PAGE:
On the evening of her graduation from the University of South Florida, my mom’s boyfriend became her fiancé. He asked my grandfather for her hand at the nicest steakhouse in Tampa, and he agreed. They celebrated with a $30 bottle of wine.

The only similarity my own college graduation shares with my mother’s is that we both ate some decent steak after we received our diplomas. But while I dined at Cypress with my roommates and their families, there was not a man on one knee in sight. The banquet seemed to be a celebration of that very fact. Our house has big plans for the near future, and none of them involve engagement, marriage, or children.

I’m spending the summer in Prague at a creative writing program. (My mom made it to Europe only after having been married for a few years.) Avery is already bumming around Fiji and will be traveling the rest of the planet for six months with friends. Brooke is backpacking through Europe, and Katie is tackling the nightmare that is the post-undergrad corporate job hunt. ‘Sup, Blackbaud?

Don’t get me wrong, I’ve been having pangs of maternal longing since I was 17. I imagined the future holding a quirky cottage decorated with easels, journals full of genius scribblings, a set of red Le Creuset pots, and seven naked hippie babies playing in the garden. Instead, I was awarded with a bed in an all-girls dorm and a realization that it’d be many, many years before I’d settle down.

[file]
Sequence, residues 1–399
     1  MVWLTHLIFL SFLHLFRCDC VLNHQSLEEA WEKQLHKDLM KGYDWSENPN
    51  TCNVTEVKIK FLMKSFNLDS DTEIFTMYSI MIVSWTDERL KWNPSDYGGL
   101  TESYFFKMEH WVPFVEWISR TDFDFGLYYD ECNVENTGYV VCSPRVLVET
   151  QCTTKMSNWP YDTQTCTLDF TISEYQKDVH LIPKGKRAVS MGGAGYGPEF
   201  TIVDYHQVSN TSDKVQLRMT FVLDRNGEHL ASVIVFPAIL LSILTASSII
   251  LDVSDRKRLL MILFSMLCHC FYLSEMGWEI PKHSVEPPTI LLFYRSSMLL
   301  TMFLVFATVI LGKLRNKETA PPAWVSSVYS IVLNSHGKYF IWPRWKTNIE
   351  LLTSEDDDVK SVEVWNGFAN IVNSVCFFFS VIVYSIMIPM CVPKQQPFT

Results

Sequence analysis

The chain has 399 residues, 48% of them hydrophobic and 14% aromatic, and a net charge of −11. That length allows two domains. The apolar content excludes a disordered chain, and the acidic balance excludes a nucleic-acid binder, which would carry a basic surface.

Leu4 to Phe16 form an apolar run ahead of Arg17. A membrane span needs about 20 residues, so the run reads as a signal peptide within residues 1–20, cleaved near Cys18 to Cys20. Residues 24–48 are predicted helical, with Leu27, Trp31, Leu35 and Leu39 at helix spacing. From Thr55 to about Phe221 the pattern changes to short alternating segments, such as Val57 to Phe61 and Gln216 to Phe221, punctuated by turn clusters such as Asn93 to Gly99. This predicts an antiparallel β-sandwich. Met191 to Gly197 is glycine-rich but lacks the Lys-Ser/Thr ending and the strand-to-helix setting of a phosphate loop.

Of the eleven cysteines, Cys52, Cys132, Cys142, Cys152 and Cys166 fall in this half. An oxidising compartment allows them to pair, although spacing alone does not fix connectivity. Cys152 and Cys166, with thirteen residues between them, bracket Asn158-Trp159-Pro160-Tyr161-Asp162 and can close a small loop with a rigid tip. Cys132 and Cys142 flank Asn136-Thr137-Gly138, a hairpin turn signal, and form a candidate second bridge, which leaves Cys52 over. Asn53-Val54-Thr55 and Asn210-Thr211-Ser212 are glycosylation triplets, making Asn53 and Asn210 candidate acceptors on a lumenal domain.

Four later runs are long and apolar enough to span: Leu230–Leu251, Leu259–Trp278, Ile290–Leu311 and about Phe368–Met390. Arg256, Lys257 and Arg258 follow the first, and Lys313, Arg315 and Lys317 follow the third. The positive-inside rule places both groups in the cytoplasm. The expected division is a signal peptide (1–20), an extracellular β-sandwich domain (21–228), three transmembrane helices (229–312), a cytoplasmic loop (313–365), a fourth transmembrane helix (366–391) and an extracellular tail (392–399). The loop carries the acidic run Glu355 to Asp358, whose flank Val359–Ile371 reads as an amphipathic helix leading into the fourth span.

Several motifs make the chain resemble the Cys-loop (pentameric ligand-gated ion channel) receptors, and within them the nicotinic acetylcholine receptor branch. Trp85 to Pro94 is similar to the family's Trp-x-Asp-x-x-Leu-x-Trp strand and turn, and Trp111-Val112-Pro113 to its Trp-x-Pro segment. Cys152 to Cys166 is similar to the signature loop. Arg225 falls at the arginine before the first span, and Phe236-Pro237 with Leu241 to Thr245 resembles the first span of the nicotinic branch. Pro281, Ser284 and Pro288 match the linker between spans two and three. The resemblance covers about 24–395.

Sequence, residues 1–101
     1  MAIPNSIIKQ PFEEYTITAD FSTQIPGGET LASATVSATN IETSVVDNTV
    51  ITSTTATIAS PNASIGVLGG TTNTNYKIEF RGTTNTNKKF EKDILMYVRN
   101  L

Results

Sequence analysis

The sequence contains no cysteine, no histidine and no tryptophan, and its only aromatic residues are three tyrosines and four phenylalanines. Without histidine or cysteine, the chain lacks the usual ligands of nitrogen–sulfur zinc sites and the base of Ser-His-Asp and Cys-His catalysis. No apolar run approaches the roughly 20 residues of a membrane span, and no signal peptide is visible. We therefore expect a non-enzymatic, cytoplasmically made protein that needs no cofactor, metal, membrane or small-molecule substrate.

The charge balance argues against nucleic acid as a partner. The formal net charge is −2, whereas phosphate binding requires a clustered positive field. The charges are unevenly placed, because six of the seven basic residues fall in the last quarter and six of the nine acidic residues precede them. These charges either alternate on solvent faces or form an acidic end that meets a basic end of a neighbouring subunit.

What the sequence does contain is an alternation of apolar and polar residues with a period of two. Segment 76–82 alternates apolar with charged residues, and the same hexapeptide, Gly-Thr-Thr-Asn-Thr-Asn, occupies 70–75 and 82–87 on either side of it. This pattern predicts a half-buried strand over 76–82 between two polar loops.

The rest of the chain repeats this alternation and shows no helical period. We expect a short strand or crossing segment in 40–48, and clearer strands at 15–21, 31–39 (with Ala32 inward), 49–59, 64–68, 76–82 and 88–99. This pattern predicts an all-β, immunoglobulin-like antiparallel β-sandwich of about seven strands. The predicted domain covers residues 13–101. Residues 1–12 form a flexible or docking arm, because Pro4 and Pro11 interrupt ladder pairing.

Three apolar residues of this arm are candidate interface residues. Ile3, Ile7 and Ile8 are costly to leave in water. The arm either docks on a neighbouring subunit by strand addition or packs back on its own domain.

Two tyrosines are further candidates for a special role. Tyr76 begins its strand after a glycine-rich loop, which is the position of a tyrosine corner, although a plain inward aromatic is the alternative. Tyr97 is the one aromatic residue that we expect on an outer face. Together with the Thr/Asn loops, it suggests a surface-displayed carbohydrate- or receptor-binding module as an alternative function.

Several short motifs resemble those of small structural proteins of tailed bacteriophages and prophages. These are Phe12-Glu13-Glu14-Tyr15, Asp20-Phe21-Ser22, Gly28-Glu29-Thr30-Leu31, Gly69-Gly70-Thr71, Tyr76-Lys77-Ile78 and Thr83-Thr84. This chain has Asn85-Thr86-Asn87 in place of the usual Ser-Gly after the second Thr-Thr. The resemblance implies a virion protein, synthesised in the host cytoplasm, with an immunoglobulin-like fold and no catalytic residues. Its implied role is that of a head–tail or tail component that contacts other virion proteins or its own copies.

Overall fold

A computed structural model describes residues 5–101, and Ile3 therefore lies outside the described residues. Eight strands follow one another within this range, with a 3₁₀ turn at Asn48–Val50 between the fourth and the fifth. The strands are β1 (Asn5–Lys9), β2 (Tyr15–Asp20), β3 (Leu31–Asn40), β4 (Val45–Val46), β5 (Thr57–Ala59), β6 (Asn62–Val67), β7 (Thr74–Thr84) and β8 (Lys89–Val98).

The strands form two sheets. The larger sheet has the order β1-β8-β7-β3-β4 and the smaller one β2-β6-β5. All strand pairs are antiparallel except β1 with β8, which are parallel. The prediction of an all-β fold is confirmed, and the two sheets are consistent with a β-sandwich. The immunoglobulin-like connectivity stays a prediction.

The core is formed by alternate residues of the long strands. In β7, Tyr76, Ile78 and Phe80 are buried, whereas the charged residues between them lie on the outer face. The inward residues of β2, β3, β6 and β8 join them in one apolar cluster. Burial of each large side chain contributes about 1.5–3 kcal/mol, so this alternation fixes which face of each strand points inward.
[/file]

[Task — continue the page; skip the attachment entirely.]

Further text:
My mother was married in her backyard, amid a garden that her father had planted just for the occasion. It’s heartbreaking to hear her describe her feelings as she parroted her husband’s vows.

In The Graduate’s final scenes, Benjamin arrives at the church just as Elaine and her fiancé are exchanging vows. He pummels the window and screams her name until she notices he’s come to save her. My mom maintains that during her own wedding ceremony, she was hoping for the same thing, someone to swoop in and rescue her. She knew it was a mistake. But no one talked her out of marriage, and no one came. She spent nine years with her first husband, and only because she thought it was the thing to do.

And it was, for women just out of college. Most women were engaged or married by their graduation day. Birth control hadn’t been made widely available, and believe it or not, they wanted to have sex. Female earning power was nothing like it is almost 40 years later, and ladies were dependent on men for financial support. Now, it’s just the opposite, and I’m incredibly thankful. The shotgun wedding is becoming less and less common.

I often say that I won’t even consider marriage until I’m 30, but I know it’s not really about numbers. I can’t trust myself to pick a bedroom set I’ll like for a few years, much less a man to share it. In one of her more eloquent musings, my mother said, “I hope you fall in love a thousand times.” At first, I thought she seemed flippant about men. Now, I realize that all she wanted for me was the time and experience to make a wise decision about a partner.

I’ve long believed that once one conquers singlehood, someone comes along and screws it up. Nothing is more attractive than a person comfortable with their own company and satisfied with their interests. The longer I’m single, the more I appreciate it, and I know the three coming years in graduate school will be more telling than any so far. It’s a time to tick things off the list, to become more decisive about what exactly it is that I want. Right now, I’m positive that the degree I’m after is a MFA, not a MRS.